It seems that significant time travel to the future is a theoretical possibility, but it is a one-way ticket. Time travel into the past violates the laws of physics, as we currently know them, and as intimated earlier would create strange and wonderful absurdities. This can be expressed using the 'Grandfather Paradox': consider that you could travel back in time and murder your grandfather before he sired your father. Accordingly, if the father did not exist then neither could the time traveller and therefore you could not have killed your grandfather (refer to diagram). There are those who reconcile the 'Ultimate Paradox' by positing alternative future narratives. So, if you killed your grandfather, there would be a bifurcation of reality where your grandfather continued to live and an alternate reality where his death would result in your nonexistence. Indeed, a select group of philosophers consider taking this thought process even further and consider that every action we undertake in the real world results in the formation of a host of, noninteracting alternative futures. This is not easy to conceptualise and raises many issues that are difficult to resolve from our interpretation of how the Universe works. There could be other explanations, but it has to be acknowledged that perhaps our minds are just not up to tackling this problem. Evolution has moulded our brain to cope with the everyday vicissitudes of life and is not designed to pontificate on the Ultimate Questions of our existence. The late, great Stephen Hawking believed that time travel to the past was an impossibility, and I'm not going to disagree with this towering intellectual giant. This has not stopped speculation on possible ways to return to the past. One consideration promotes the idea of 'Wormholes' in the fabric of the universe, which connect alternative possibilities in both time and space. The problem is we have found no evidence to date to suggest that wormholes exist. There are pundits who consider that entering a black hole would whisk the traveller magically back in time. I'm sure my readers can see the problems with this so-called, solution.

So, as far as we can tell, travel to the future is a possibility, given the right conditions. A return to the past is not so favoured by Natural Law, although I do believe there are equations that predict its possibility. If only we could get hold of 'exotic matter' that doesn't seem to exist. Quite a conundrum.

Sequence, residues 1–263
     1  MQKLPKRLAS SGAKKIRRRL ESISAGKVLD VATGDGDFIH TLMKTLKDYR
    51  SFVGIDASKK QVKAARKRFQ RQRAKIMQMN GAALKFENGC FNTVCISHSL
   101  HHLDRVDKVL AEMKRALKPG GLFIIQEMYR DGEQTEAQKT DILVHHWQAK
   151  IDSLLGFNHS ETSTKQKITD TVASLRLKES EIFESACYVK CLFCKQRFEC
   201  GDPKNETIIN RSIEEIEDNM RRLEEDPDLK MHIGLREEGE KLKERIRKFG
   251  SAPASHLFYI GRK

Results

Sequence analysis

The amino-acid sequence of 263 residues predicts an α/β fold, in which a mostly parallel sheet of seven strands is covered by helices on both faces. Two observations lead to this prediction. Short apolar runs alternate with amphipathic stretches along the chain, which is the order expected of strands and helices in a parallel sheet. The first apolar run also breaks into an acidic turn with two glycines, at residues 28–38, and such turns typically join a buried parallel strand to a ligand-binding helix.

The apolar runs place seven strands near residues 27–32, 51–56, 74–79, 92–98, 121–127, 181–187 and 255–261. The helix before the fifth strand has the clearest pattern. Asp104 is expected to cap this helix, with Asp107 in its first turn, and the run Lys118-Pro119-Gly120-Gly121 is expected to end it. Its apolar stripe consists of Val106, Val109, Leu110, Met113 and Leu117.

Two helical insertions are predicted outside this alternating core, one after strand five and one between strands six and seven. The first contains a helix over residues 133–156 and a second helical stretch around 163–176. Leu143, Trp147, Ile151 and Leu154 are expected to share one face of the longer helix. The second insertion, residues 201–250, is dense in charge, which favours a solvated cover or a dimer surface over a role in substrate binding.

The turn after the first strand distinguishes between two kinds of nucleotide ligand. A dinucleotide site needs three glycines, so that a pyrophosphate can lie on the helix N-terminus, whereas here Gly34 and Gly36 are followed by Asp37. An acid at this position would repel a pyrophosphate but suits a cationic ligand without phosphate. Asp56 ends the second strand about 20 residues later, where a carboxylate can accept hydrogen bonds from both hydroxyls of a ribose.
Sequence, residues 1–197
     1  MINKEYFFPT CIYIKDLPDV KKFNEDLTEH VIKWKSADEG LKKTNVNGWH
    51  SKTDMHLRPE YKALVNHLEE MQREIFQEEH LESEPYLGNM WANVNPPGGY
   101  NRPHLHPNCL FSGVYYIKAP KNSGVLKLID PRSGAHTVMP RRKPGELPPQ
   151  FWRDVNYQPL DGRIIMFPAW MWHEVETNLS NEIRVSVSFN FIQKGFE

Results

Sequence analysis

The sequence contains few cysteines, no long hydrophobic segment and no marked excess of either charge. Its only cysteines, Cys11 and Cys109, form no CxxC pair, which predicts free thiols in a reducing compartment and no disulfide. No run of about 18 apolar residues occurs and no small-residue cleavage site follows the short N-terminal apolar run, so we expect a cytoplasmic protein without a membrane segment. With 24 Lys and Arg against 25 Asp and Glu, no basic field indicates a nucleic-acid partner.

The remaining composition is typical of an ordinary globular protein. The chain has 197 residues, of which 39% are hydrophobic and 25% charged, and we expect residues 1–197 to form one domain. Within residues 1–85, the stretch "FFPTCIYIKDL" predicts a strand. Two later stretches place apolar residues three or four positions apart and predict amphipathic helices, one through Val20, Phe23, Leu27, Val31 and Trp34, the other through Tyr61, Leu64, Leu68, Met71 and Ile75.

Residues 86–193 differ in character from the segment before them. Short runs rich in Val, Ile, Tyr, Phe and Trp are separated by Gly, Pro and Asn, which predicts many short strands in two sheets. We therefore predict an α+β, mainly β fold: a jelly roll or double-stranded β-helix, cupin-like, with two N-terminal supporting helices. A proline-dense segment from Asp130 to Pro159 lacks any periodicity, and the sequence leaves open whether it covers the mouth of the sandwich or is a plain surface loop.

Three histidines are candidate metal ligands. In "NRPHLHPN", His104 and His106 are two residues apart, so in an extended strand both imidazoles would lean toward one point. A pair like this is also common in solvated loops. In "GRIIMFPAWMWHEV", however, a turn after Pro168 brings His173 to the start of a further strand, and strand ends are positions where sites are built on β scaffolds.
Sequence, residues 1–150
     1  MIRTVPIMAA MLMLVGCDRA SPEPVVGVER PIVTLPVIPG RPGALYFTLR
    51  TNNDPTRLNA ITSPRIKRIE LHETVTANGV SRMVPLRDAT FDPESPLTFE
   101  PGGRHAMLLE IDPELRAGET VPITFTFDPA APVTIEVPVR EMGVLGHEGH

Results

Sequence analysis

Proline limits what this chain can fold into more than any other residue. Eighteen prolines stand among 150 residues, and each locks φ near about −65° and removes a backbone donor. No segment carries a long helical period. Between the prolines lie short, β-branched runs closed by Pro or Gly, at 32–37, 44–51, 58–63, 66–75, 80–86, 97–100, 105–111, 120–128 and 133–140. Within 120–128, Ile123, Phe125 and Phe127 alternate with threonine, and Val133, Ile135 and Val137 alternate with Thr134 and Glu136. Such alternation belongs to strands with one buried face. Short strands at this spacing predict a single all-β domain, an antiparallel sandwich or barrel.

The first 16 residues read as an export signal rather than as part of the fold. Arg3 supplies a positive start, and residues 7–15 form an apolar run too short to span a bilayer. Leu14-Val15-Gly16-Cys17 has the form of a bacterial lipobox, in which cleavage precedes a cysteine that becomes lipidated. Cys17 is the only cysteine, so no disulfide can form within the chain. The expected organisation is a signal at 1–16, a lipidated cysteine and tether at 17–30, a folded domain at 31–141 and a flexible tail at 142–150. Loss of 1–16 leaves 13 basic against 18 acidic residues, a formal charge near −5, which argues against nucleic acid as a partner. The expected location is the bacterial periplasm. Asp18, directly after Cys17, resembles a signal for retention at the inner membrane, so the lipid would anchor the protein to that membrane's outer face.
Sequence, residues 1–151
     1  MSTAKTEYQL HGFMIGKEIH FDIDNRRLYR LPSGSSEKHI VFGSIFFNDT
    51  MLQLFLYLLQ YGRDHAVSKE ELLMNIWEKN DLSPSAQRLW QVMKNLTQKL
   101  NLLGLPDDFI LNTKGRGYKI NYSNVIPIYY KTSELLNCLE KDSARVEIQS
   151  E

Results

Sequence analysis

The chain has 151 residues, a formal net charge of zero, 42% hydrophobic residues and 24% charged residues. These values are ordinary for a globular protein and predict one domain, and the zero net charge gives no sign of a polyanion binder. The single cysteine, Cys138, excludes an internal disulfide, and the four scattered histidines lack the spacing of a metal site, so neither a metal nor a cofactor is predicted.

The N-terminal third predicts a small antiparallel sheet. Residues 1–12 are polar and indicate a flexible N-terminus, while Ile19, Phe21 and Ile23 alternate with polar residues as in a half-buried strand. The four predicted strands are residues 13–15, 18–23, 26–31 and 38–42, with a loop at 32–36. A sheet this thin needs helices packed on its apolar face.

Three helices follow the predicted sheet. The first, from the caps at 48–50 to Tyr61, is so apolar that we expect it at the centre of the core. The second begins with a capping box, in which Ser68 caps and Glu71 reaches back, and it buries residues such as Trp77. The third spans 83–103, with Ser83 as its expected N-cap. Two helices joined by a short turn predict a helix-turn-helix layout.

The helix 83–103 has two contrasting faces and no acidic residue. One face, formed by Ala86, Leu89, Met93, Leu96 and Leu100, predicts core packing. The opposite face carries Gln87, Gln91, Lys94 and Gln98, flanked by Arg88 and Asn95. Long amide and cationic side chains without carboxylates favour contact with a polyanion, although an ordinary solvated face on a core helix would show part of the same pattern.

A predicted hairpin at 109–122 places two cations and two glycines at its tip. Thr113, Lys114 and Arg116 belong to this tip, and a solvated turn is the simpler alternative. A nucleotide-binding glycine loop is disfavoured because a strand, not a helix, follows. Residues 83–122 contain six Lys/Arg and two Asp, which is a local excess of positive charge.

Anyway, enough of these bollocks, my next post will concern the battle of Crecy.



5 comments:

  1. "But that explanation will satisfy no one and in fact, is rather glib and even trite."

    Indeed. You can make an argument that life, the universe, and everything is glib and trite because there are no (known) mechanisms to make it deep and imaginative. Even the 'awe' that some people proclaim is the feelings they paint on particular events or locations.

    There is no ‘hidden’ truth, there is no grand meaning, there is no narrative, there is no Hero's Quest, there is no magic, there is no supernatural, no inner world, no homunculus in the mind's eye theatre. There may be some value in these metaphors, but the value is discovered in the flow of experience.

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    1. Aye, Sir, I have formed the same opinion. Folk yearn for meaning, they strive to uncover the meaning of life; the meaning of existence. Many find solace in religion. Religion has an answer to everything as long as you don't scrutinise the dogma, too hard. Most can't take the simple answer that there is no answer. Chance and circumstance conquers all.

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    1. I blame gun powder. What chance sinew and string could prevail.

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    2. Hi Flax,
      I travelled past, shot my Gramps, fucked my Granny, became my Dad´s Daddy and - voil√° - here I am
      Josh the hun out of the sun